Friday, August 24, 2007

Romania: Logistically Speaking

Oxford Business Group Latest Briefing

Last week a Romanian trade delegation led by Ovidiu Silaghi, minister of small and medium enterprises, commerce, tourism and liberal professions, visited Dubai to discuss ways of enhancing co-operation between the two countries. Among the delegation's top priorities was attracting further investment in Romania's transportation and logistics industry.

While the logistics sector does not attract the kind of media attention that manufacturing, IT or financial services do, many analysts are touting it as the next big thing for Romanian investment. Recently, European logistics players have been announcing, on a regular basis, plans to invest in massive logistics centres throughout Romania.

This influx of attention has several origins. First and foremost on many logistics companies' minds is the fact that the Romanian economy is booming. Steady increases in wages have fuelled higher personal spending and have caused strong growth in the retail industry. This has translated into significant increases in shipping, trucking and other forms of transportation.

The entry of major corporate retailers has also had a marked effect. While small local stores can rely on local distributors, big players like Carrefour, Auchan and Ikea - which have all moved into Romania in the last few years - require national distribution chains that can deliver everything from razors to mangoes on a day's notice.

Retail's effect on logistics is fairly straightforward. Consumers are aware that the mango they buy at their local grocery store was probably not grown next door, and that ships, trucks or planes were probably involved in delivering that mango to the store.

What is less clear to many is the vast and often complex networks that enable the making of their automobiles, mobile phones or other manufactured goods. The globalised economy has made manufacturing in many countries more assembly oriented than pure manufacturing. Goods produced in Romania often have parts that were made in China, Western Europe and other far flung corners of the world. While this practice lowers costs, it also increases the importance of logistics operations.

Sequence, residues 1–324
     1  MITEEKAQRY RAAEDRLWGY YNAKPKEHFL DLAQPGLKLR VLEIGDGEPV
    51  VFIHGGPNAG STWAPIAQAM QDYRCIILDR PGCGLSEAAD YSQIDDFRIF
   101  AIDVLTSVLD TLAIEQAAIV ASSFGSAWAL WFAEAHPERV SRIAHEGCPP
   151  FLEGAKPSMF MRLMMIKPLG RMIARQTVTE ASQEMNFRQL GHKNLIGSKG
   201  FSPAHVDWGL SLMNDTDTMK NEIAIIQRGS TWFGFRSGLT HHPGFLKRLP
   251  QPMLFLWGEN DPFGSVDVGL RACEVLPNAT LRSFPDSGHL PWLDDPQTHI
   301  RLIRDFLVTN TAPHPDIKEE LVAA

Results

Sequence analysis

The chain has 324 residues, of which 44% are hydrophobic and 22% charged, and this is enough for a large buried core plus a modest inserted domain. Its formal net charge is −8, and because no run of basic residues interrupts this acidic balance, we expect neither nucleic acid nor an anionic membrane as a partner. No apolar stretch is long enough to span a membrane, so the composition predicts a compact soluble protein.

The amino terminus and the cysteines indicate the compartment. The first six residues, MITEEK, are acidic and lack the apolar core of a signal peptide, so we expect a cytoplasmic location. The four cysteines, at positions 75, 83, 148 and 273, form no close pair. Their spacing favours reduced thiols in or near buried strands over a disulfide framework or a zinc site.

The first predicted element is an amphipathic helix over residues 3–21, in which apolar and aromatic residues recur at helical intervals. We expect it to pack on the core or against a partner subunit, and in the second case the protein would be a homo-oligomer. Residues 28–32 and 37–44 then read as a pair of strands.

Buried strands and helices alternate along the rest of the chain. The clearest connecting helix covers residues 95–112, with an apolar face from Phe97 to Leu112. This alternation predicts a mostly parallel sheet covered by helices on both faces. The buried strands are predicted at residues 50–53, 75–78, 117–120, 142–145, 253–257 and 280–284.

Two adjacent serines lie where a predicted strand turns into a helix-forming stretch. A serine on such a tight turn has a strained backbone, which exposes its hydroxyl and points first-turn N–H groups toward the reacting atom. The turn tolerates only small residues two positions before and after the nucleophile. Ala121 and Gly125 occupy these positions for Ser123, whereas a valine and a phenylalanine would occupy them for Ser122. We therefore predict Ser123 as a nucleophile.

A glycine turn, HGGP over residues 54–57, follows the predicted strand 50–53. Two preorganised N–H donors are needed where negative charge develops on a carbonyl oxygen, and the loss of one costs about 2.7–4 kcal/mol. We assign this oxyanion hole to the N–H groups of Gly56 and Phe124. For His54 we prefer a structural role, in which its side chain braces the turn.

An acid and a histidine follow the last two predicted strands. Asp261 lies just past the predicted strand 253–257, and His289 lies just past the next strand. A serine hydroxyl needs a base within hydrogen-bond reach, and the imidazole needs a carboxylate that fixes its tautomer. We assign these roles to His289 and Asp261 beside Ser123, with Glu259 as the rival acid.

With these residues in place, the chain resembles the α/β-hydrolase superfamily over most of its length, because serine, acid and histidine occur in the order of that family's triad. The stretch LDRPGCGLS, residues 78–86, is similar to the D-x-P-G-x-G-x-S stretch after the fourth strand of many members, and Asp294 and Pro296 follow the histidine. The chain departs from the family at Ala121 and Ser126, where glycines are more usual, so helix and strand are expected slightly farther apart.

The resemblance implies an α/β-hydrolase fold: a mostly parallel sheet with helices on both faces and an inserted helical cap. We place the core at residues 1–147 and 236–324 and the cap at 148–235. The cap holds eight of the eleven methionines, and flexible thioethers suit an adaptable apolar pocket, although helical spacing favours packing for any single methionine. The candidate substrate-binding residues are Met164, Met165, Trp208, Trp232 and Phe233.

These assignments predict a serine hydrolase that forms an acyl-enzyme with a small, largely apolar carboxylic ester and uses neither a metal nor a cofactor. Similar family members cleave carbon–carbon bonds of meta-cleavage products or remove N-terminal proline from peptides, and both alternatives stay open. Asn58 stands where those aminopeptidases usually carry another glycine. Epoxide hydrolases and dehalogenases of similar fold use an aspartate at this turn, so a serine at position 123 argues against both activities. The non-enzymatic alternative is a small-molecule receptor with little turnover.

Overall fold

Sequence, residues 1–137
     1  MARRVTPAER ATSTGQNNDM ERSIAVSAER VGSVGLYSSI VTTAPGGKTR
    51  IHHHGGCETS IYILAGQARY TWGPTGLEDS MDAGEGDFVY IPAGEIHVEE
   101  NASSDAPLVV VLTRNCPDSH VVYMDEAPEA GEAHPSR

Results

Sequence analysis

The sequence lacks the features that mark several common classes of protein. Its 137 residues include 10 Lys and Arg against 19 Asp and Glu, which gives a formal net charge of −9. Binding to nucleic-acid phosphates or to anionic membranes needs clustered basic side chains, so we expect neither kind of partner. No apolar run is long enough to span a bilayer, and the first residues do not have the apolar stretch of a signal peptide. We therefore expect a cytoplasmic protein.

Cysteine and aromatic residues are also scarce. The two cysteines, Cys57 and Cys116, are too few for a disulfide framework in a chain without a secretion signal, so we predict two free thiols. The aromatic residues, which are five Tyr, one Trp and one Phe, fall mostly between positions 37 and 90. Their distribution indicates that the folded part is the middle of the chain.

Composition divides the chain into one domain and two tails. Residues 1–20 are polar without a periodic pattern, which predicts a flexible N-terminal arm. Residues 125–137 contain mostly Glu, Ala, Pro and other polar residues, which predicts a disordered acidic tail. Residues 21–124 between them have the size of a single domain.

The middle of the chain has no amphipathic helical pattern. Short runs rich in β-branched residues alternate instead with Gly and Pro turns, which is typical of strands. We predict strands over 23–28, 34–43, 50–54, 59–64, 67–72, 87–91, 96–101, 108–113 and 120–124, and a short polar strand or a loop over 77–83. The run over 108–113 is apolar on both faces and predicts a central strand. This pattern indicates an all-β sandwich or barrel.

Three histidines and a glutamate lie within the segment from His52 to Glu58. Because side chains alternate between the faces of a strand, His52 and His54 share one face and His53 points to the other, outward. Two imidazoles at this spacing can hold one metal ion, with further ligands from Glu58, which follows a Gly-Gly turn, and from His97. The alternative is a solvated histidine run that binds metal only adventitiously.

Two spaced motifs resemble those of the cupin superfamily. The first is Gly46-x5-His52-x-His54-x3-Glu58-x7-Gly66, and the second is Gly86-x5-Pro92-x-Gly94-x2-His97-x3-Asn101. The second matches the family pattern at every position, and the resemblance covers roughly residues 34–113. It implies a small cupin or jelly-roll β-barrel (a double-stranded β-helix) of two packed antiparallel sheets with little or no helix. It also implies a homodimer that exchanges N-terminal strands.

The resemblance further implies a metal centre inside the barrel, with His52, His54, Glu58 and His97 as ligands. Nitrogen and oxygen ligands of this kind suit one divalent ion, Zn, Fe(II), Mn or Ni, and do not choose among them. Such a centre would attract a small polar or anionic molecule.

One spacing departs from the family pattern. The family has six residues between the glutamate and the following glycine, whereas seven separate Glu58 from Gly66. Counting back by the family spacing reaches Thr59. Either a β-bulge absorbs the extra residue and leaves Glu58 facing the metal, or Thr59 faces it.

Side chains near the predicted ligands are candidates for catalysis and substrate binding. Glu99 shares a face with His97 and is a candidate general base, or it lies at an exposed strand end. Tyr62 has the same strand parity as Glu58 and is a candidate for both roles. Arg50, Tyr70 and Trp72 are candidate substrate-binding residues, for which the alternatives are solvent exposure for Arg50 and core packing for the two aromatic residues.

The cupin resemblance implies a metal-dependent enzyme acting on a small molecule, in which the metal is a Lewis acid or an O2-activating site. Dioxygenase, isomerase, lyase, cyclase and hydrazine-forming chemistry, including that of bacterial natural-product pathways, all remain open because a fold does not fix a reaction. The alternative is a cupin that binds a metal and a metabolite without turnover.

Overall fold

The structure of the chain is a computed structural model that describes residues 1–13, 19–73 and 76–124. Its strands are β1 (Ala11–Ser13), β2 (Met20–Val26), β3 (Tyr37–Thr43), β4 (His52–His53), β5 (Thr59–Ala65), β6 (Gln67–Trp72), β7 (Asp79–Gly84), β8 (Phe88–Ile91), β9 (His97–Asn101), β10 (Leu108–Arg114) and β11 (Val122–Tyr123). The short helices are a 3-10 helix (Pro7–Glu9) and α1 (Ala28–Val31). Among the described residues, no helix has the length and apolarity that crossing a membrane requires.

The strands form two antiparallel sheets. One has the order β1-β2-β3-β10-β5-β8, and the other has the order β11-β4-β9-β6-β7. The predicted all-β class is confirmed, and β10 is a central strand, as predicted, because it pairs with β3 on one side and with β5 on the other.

Fortunately, Romania is well situated between Asia, the Middle East and Western Europe, as well as on important waterways that facilitate such operations. This is one reason why manufacturers such as Renault, Nokia and Ford have flocked to Romania and why many logistics companies are eager to enter the country.

While internal demand for logistics and transport is soaring, the country is also a prime target for regional distribution centres. Logistics companies see Romania's location, strong ports and strong manufacturing base as an opportunity to service not only the country itself but also the broader region. Companies such as DHL, Belgium's WDP and other major international players have already invested millions in trucks, warehouses and land.

The promise of future EU funds only increases Romania's potential. The country's transportation infrastructure is notorious for underdevelopment. Unlike major roads in Western Europe, few in Romania have more than one lane in either direction. Romanian railways are in equally poor condition, with speeds often averaging below half of what is common in Germany or France.

With over $10bn in EU structural funds expected to go towards infrastructure upgrades, logistics companies are seeing Romania's infrastructure problems in a new light. Many have said they believe that if they make investments now, they will have a greater say in where and how the government spends the EU funds.

This week's negotiations in Dubai speak to what foreign investment and infrastructure upgrades can accomplish. In April 2004 - after similar high-level meetings - Dubai's DP World took over management of the port at Constanta, which was infamous for underperformance and dilapidated infrastructure. A year later, volume had increased by more than 450%. Now the port, which DP World intends to further improve, is one of the premier ports on the Black Sea and a key connection for Eastern Europe to the wider world.

At a meeting held last week, Salma Hareb, CEO of the Jebel Ali Free Zone, which is owned by Dubai World, told the Romanian delegation, "Dubai World [has] already demonstrated our commitment towards Romania through the key investment and ongoing developments in Constanta Port [..] and we are very keen on working with Romanian government on developing an integrated logistics infrastructure platform to establish Romania as a major hub for the Eastern and Central Europe."

This is exactly the sort of investment Silaghi and other delegation officials would like to attract to Romania. Big foreign players such as DP World offer more than deep pockets. The experience they can offer is what Romania needs to become a thriving regional logistics hub.

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